Crean made his decision to join Shackleton between April and 25th May 1914, the date he was ledgered to HMS President and seconded by the Admiralty to Shackleton’s expedition.

So, what became of Joseph Foster Stackhouse?

In August 1914, Stackhouse travelled to the USA on a tour to win backing and support for his new expedition. His bid to win over the Americans was deemed a success and the expedition was to be a joint enterprise – an oceanographic survey corps in which both British and US research bodies would collaborate. With their headquarters in Washington, Stackhouse announced an interesting new addition to his plans. Discovery would travel to Greenland and to Iceland before heading off the coast of Newfoundland to investigate the reasons behind the sinking of the Titanic two years earlier in 1912.

Joseph Foster Stackhouse's final resting place It was Stackhouse’s belief that a part of Newfoundland had broken off from the mainland and had drifted down there forming a lodging place for icebergs. With his plans now in place, he sailed back to Britain to collect his wife and daughter before heading back to the US to make final preparations.

Sadly, he never made it across the Atlantic after the ship he’d boarded in New York on May 1st 1915, was torpedoed by a German U-Boat. Lusitania  was struck 11 miles off the coast of Kinsale, Ireland on May 7th.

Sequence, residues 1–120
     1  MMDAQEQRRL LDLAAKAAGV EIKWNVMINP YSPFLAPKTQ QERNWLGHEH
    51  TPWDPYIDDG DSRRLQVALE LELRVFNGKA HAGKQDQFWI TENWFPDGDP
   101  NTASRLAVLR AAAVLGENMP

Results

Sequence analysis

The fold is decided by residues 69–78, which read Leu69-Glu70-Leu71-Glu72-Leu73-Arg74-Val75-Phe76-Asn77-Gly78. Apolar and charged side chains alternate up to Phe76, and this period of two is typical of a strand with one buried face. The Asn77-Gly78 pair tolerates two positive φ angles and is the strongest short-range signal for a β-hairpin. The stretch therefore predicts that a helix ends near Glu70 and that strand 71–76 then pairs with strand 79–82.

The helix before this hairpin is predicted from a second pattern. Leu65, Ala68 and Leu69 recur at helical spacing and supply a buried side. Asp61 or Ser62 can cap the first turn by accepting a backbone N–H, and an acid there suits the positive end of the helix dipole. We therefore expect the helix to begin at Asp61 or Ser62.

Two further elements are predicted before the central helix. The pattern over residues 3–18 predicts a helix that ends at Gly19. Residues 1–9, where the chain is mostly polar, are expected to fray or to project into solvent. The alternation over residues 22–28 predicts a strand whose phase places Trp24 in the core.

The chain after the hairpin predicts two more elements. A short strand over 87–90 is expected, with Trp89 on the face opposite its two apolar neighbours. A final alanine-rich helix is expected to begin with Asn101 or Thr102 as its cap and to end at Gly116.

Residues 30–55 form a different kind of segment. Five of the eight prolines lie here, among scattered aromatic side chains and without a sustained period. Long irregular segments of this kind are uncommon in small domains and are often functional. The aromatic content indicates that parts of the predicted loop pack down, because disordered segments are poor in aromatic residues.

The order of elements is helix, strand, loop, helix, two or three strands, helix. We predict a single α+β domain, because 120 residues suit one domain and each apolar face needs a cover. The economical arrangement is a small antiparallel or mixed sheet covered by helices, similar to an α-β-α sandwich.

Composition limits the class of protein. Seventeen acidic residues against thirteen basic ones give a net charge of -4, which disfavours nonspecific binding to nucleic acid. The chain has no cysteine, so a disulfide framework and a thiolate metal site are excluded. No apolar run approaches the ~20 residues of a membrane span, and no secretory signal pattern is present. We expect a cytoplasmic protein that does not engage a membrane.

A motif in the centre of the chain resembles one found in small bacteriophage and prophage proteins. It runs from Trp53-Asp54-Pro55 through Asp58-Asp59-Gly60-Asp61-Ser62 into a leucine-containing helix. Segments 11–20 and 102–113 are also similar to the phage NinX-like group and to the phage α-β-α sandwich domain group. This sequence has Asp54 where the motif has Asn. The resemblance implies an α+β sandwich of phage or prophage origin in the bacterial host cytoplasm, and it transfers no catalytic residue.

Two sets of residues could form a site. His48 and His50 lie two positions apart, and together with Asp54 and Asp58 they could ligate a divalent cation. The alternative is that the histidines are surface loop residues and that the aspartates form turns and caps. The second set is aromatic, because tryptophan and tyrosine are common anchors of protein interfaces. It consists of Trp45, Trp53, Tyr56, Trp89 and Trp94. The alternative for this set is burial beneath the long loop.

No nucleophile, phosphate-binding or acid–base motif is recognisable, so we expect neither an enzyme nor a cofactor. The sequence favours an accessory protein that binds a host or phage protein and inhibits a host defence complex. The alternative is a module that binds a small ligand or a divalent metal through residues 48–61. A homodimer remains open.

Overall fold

Joseph Foster Stackhouse’s final acts aboard Lusitania as she sank formed his own story of selfless bravery and it’s one is one I’ve expanded upon in my biography of Tom Crean.

His body was later recovered and a Quaker graveyard in Cobh, County Cork, is the final resting place of another hero.

Researching and writing Crean’s Life Story

Tom Crean  -  From Boy 2nd Class to Hero 1st Class Tom Crean BookMy book, Crean — The Extraordinary Life of an Irish Hero, has been as much a labour of love for me as it has been a passion to see Tom Crean awarded the recognition he deserves from the country he loved.

For 3½ years I researched Crean’s story at some of the world’s most respected archives to be able to chronicle his story. In doing so I’ve unearthed a substantial amount of new information never before published about this incredible man and I became aware of many errors that exist in the existing timeline of his life.

In mid-2020 I presented a 7,000 word document and three folders containing files and sub-folders of the sources I used as references and notes to write the book. Used as evidence of inaccuracies and missing information, this was submitted to the Royal Irish Academy after I offered to share the research I’ve gathered over the period of my investigating Crean’s life in preparation for writing his biography.

In an update of huge importance, on October 2nd, 2020, I received confirmation from the Royal Irish Academy, that the entry for Tom Crean in the internationally recognised, Dictionary of Irish Biography, would be revised in light of the evidence I provided them. Substantial revisions to Crean’s story were officially announced on March 17th 2021.

Tom Crean  -  From Boy 2nd Class to Hero 1st Class Tom Crean BookFor children, and because existing children’s books about Crean also contain a number of inaccuracies, I have written a book specifically for 6-10 year-olds. Tom The Mighty Explorer. The book is based on my findings while researching Crean’s life. The story contains 27 fully illustrated images, 4 maps and a fun interactive section.

To discover more about Tom Crean and how to purchase the books you can read more at